Inevitably, with so many friends and contacts – these relationships do not appear very deep. And when life is bouncing along happily, that doesn't matter. But how good are techno-relationships when life gets painful?

Clive says, “Facebook has also enabled people to express their support to me when I recently experienced three bereavements in the space of three months. I have really appreciated those kind thoughts.” He admits it might be the easy way out for some: “All they have to do is hit a few buttons and think to themselves, ‘That's him sorted,’ but nevertheless, it is better than being ignored.”

Jude's husband walked out on her and their two sons last year, and she has found techno-relating helpful to a certain extent. “I don't know that I would say it's made a massive difference. One of the nice things has been being able to construct honest exposition of my feelings via e-mail to someone who's asked ... and that in itself helps to have ‘put it into words’.

“E-mail can be conversational, but at a pace you can deal with only when you feel like it – you can have a kind of a conversation that you engage with on your own terms. Same with Facebook – you can dip in, dip out according to how much conversation you can deal with today.  Facebook has been nice because people are generally lovely and use it to encourage you. It's great to log in to Facebook and find nice messages left for you.

“Another positive of Facebook has been the instant messaging popping up on the screen and it's resulted in a few ‘Shall I phone?’ questions and some very useful and timely conversations. friends.  I think internet conversations have broadened, enhanced and supplemented the excellent net of support I have received.”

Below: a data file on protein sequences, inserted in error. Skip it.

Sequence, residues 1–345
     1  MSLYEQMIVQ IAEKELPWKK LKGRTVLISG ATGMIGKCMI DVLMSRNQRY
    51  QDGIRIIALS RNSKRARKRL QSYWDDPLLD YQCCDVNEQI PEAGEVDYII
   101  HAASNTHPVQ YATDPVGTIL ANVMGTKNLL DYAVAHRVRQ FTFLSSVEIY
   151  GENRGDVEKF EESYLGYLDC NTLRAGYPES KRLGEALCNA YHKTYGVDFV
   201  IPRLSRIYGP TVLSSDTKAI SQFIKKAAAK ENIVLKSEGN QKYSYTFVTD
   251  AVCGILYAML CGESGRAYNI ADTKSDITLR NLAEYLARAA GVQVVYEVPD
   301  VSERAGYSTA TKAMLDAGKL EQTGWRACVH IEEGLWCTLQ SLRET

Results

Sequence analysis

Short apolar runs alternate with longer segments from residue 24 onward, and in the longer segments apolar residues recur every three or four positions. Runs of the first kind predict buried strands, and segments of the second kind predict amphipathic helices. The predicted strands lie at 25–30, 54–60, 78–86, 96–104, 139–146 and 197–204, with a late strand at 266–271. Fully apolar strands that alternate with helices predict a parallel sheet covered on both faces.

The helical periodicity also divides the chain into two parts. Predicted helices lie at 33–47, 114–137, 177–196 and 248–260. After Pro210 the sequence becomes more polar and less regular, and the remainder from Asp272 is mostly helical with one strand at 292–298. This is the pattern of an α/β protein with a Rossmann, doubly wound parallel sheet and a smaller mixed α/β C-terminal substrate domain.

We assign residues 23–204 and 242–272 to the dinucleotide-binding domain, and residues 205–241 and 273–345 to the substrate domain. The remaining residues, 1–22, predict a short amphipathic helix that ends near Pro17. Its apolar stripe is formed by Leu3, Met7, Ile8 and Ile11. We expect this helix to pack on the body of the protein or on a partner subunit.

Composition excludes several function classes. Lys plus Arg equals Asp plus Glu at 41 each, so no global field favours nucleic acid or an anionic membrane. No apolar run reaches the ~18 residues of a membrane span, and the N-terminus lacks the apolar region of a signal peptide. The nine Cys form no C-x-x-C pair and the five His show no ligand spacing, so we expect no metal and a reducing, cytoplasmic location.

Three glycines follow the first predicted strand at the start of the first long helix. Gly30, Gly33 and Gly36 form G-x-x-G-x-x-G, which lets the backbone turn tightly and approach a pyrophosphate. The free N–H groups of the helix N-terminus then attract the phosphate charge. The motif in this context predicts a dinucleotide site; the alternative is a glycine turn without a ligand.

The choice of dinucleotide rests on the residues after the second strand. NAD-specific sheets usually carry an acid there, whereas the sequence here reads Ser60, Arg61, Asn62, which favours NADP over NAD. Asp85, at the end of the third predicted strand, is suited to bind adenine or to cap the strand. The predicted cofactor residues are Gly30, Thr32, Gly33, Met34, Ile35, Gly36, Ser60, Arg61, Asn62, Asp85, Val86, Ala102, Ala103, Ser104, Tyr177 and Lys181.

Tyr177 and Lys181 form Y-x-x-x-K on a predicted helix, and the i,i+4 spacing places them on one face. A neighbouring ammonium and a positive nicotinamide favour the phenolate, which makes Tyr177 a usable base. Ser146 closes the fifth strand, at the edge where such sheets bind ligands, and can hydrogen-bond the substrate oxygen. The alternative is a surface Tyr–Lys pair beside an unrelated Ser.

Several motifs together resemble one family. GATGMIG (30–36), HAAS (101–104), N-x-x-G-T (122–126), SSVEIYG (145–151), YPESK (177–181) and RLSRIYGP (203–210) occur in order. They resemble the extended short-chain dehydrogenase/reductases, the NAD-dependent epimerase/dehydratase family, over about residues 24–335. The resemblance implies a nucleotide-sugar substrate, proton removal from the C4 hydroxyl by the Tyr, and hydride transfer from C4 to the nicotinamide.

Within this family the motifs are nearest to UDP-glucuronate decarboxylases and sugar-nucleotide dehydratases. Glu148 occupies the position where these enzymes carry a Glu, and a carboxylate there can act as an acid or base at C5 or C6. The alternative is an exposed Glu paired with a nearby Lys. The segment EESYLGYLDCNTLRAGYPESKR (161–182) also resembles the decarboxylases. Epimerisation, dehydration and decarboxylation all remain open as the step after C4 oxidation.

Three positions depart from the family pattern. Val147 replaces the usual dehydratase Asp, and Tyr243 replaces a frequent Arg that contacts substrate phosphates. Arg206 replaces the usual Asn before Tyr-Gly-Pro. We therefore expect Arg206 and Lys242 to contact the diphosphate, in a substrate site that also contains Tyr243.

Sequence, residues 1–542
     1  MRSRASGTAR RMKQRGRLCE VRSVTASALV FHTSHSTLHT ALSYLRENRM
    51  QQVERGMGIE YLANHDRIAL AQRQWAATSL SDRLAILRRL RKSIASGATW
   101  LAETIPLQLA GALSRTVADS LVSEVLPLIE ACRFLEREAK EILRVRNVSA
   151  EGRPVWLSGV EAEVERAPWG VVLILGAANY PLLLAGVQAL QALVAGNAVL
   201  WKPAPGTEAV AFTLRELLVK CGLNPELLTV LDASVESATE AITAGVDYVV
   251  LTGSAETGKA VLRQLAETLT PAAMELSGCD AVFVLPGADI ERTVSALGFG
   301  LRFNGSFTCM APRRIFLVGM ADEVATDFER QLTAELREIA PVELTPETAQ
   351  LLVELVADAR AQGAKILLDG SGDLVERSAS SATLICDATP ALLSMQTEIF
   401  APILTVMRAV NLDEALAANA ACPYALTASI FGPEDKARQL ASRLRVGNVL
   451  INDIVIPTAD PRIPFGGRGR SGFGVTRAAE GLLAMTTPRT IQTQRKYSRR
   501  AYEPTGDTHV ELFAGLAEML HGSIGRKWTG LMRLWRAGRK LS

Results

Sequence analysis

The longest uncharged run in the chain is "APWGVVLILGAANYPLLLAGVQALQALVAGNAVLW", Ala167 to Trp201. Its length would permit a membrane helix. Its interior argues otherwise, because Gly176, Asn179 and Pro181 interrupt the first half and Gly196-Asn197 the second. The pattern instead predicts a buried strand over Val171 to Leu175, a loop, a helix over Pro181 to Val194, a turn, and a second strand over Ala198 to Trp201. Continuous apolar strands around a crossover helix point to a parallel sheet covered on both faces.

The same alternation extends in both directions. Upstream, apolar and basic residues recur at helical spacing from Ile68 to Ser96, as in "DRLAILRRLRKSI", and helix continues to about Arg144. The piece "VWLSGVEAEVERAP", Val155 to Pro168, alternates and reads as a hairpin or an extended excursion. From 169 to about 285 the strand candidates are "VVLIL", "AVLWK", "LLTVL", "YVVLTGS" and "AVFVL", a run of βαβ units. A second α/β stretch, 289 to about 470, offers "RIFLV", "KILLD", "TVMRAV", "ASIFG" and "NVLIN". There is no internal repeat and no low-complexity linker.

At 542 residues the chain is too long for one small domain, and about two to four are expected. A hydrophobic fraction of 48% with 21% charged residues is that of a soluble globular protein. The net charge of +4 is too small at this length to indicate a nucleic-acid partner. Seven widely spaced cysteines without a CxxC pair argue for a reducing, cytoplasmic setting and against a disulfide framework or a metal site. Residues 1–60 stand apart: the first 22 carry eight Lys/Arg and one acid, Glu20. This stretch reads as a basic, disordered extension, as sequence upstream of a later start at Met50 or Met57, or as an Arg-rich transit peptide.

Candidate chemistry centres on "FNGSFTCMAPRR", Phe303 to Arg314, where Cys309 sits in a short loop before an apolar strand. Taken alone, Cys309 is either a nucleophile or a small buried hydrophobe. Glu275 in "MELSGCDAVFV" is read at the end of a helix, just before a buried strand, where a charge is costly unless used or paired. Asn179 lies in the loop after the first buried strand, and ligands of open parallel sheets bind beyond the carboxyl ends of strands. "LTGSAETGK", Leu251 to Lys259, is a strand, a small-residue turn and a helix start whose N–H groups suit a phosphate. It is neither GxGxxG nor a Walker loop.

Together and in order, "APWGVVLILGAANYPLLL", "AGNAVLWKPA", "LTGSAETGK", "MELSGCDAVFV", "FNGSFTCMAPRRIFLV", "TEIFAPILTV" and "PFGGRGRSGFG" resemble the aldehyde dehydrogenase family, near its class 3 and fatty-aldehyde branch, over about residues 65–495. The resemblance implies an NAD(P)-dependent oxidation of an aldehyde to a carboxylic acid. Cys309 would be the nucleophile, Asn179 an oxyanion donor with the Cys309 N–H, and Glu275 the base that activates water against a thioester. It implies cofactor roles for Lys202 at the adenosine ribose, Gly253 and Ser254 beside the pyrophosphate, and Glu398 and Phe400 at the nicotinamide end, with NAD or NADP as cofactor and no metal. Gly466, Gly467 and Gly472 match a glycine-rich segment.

Not all of Jude’s experiences were positive: she said it was hard when “you realise that Facebook has just notified everyone on your friends list that you've changed your relationship status to ‘single’ ... that resulted in more enquiries than I could handle!” 

What about the other downsides of techno-relating? Some of us have probably sent off an e-mail in anger and then regretted it. We may have upset someone unintentionally because e-mail, and Facebook has no tone of voice, no emotion, no body language and no eye contact. So all the things we rely on in a face-to-face encounter to help us communicate are not there. And simple comments can be read in many different ways.

However, as one younger user, Sarah, commented, “People who are easily offended by messages and mistake your meaning might have done so anyway. Most will give you the benefit of the doubt. You do have to try to create the bits it leaves out.”

Is techno-relating harmful, in some cases? Certainly over-use of the internet can be linked to high levels of depression, according to a study carried out by psychologists at Leeds University. They say, “There is a small subset of the population who finds it hard to control how much time they spend online, to the point where it interferes with their daily activities”.